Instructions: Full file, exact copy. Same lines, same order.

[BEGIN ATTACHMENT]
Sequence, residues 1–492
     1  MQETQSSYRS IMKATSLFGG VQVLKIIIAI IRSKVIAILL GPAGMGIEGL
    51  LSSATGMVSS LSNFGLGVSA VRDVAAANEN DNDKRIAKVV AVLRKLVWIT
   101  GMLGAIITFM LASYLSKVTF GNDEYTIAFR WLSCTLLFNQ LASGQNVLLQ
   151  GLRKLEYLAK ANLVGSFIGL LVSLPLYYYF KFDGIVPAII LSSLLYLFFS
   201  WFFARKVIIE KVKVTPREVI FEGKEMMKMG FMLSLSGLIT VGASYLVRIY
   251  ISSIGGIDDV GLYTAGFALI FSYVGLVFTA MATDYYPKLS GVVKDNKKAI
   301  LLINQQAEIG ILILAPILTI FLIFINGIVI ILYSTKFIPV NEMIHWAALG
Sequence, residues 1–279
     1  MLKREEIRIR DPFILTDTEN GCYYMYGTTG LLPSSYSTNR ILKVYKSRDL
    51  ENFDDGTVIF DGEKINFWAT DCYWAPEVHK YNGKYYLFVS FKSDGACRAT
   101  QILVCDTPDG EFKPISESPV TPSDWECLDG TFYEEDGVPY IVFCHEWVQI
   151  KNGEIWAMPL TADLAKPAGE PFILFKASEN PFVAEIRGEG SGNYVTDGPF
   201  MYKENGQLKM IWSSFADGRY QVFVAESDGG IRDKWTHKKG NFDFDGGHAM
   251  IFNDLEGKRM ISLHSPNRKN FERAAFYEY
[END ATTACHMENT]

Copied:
Sequence, residues 1–492
     1  MQETQSSYRS IMKATSLFGG VQVLKIIIAI IRSKVIAILL GPAGMGIEGL
    51  LSSATGMVSS LSNFGLGVSA VRDVAAANEN DNDKRIAKVV AVLRKLVWIT
   101  GMLGAIITFM LASYLSKVTF GNDEYTIAFR WLSCTLLFNQ LASGQNVLLQ
   151  GLRKLEYLAK ANLVGSFIGL LVSLPLYYYF KFDGIVPAII LSSLLYLFFS
   201  WFFARKVIIE KVKVTPREVI FEGKEMMKMG FMLSLSGLIT VGASYLVRIY
   251  ISSIGGIDDV GLYTAGFALI FSYVGLVFTA MATDYYPKLS GVVKDNKKAI
   301  LLINQQAEIG ILILAPILTI FLIFINGIVI ILYSTKFIPV NEMIHWAALG
Sequence, residues 1–279
     1  MLKREEIRIR DPFILTDTEN GCYYMYGTTG LLPSSYSTNR ILKVYKSRDL
    51  ENFDDGTVIF DGEKINFWAT DCYWAPEVHK YNGKYYLFVS FKSDGACRAT
   101  QILVCDTPDG EFKPISESPV TPSDWECLDG TFYEEDGVPY IVFCHEWVQI
   151  KNGEIWAMPL TADLAKPAGE PFILFKASEN PFVAEIRGEG SGNYVTDGPF
   201  MYKENGQLKM IWSSFADGRY QVFVAESDGG IRDKWTHKKG NFDFDGGHAM
   251  IFNDLEGKRM ISLHSPNRKN FERAAFYEY